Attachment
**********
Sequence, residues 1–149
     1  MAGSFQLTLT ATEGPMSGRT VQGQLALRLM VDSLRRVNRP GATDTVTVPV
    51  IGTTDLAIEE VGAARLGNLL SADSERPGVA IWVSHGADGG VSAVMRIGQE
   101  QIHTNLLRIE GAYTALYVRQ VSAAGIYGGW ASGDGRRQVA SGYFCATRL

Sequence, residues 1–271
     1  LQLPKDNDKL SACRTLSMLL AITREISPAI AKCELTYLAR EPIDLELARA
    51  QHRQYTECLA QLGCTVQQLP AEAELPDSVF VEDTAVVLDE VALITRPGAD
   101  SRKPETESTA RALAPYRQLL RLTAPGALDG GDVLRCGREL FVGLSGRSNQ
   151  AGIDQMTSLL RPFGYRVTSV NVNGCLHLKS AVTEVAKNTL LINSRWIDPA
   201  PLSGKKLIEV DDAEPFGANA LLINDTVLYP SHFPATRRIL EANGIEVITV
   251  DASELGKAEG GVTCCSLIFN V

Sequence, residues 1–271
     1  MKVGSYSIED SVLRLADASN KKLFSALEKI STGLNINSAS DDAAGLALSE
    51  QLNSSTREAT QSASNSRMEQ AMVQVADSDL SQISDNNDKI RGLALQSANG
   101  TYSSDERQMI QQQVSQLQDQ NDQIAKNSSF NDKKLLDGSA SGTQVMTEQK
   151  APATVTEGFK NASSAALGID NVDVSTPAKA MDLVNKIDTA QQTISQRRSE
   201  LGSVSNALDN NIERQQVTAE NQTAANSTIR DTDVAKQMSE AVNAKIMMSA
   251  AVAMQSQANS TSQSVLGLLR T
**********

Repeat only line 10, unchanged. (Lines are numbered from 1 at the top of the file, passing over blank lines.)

   201  PLSGKKLIEV DDAEPFGANA LLINDTVLYP SHFPATRRIL EANGIEVITV